Judge Dredd: The Complete Brian Bolland
A fantastic look at a period in a creator’s career, Judge Dredd: The Complete Brian Bolland is a must-have for fans of this artist.
This luscious, oversized hardcover volume collects as many Brian Bolland-illustrated Judge Dredd stories as THE LAW* will allow! (*Seriously, there’s one we can’t publish. Ever.) Within these hallowed covers the turmoil of John Wagner’s Mega-City One rages, captured in such legendary tales as “Luna-1 War,” “The Cursed Earth,” The Day the Law Died!,” “Judge Death,” and many more.
Being a fan of Brian Bolland and having a passing interest in Judge Dredd as a character I decided to pick this volume up. It collects almost all of Brian’s work and is an extensive collection of stories and covers spanning his early career. Until now I hadn’t seen any of this early work and remember picking up a few Eagle Judge Dredd comics in the 1980s specifically for the Bolland covers but that was about it.
Let’s first address the only glaring problem with this collection: it seems artists working on a weekly comic, 2000AD, didn’t normally do all the chapters of a story. While reading this book cover to cover you’ll come across quite a few stories that jump chapters, as Bolland didn’t work on them all. It’s not a big issue, as there is always a brief synopsis making it pretty easy to get into the groove right away.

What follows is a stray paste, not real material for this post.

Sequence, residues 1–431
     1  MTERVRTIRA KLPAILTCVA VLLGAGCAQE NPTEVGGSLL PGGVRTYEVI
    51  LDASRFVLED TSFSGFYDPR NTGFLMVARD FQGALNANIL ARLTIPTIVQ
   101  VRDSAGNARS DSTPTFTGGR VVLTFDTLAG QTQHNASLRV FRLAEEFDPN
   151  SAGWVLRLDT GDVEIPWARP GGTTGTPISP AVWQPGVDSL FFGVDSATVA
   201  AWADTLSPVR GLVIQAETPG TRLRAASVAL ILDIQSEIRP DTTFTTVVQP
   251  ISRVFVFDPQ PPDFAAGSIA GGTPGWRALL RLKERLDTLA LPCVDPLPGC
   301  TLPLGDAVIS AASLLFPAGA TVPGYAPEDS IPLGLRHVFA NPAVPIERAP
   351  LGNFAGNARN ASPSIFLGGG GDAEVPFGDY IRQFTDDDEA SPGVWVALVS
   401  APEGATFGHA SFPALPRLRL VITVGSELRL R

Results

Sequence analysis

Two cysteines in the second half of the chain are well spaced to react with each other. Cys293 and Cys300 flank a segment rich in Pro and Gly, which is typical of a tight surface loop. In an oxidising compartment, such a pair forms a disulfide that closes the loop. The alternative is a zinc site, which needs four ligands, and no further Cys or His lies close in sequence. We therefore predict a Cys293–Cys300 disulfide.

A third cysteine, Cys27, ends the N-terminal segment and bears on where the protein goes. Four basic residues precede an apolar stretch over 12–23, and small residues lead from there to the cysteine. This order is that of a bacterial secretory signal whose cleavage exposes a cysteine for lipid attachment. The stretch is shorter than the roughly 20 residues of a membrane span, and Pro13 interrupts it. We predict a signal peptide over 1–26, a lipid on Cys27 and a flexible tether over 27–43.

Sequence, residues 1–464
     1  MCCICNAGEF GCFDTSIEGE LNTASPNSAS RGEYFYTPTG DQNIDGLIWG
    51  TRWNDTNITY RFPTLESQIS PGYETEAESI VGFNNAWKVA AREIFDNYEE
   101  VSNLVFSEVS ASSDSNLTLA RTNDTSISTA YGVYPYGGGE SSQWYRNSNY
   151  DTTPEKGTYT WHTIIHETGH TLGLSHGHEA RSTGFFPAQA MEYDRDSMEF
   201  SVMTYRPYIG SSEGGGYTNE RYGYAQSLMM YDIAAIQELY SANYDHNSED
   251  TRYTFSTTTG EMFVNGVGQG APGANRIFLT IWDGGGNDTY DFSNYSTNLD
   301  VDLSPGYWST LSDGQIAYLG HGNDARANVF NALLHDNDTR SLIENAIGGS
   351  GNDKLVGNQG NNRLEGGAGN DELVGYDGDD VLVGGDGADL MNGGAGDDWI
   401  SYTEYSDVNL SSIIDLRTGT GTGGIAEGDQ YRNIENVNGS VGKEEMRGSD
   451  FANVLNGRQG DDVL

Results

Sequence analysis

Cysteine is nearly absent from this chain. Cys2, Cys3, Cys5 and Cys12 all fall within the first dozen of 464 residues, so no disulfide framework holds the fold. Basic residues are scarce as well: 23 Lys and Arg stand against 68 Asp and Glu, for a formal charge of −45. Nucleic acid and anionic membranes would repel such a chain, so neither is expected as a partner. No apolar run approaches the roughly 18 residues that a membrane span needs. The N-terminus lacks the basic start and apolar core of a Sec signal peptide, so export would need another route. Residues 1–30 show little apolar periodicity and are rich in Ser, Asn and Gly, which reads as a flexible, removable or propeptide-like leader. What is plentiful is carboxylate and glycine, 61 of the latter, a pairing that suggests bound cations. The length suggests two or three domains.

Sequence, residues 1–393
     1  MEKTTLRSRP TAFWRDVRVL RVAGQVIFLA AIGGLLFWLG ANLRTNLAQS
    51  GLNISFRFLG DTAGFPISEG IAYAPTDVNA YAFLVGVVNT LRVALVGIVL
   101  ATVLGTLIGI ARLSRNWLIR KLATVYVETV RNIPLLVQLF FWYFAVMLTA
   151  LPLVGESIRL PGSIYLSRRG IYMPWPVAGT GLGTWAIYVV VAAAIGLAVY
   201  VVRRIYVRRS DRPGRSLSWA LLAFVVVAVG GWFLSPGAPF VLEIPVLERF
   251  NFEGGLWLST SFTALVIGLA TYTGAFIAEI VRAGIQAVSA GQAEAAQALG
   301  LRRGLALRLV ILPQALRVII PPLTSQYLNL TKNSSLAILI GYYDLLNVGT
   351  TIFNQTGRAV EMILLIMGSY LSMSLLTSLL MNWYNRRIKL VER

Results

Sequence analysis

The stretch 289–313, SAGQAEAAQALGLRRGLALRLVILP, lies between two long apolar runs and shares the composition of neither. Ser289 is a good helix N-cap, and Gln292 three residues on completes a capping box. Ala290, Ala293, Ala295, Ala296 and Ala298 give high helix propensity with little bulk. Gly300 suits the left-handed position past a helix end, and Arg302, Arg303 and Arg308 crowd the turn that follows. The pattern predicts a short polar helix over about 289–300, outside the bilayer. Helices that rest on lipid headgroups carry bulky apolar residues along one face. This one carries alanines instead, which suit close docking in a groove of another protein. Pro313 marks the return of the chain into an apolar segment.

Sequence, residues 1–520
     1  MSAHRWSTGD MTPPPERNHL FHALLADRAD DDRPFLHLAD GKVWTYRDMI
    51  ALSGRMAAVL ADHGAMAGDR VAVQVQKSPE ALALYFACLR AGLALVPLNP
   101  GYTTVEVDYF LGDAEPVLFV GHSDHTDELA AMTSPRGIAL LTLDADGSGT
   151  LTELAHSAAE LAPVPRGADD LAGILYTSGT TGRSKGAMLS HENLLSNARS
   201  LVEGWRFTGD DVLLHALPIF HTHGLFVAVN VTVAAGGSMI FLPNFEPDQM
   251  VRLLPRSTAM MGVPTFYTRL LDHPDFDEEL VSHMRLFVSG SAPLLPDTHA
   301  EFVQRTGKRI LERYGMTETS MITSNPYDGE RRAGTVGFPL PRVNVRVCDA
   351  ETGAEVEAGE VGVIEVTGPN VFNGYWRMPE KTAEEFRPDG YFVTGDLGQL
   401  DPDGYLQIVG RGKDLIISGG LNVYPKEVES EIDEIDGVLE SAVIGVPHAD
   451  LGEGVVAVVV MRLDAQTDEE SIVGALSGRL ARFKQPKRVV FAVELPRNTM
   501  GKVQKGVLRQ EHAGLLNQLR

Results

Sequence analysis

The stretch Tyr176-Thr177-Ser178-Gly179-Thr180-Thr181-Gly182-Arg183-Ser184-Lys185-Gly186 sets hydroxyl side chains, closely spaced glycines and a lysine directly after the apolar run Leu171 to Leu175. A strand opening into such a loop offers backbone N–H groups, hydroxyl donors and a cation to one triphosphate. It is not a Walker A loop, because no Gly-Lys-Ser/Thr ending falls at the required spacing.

It’s also worth noting Bolland is an artist, and this is a collection of Judge Dredd comics he worked on as an artist, so I’m not going to address the writing here, although it’s good and gets to the heart of the matter. Dredd kicks ass, consistently.
The book is organized chronologically: Dredd stories from 1977 to 1982, then some one page backups and finally covers. The Bolland we know today can be recognized from about 1980 on, and the develop to that point is quite varied. The early art is more rounded and elongated in style, with clear emotion and facial expressions from the get go. The inks vary greatly in thickness but that could be the reproductions, and there are no inker credits so I’m guessing at that time 2000AD artists inked their own pencils.
Speaking of reproduction quality, it’s quite good overall. Bolland’s line work and clean style comes through nicely, and when there is murky or “thick” art it’s for the chapter which suggests fault with the source material. The worst of the volume is a story from a 1982 annual in colour: it looks like a scan of the comic book with the lettering corrected but the art hopelessly muted.
Fit and finish is top-notch: excellent thick paper, clean design with origin notes on each story or cover, and a rundown of each complete story in case you want to track down those chapters by other artists not included in this volume. Bolland presents a funny and well written introduction. The binding is a bit tight and some art dialogue gets lost because of it.
As a whole Judge Dredd: The Complete Brian Bolland is a great collection of work highlighting a single creator and character. It’s not an introduction of Dredd but a look at Bolland’s early career.
Originally published at Comic Book Daily.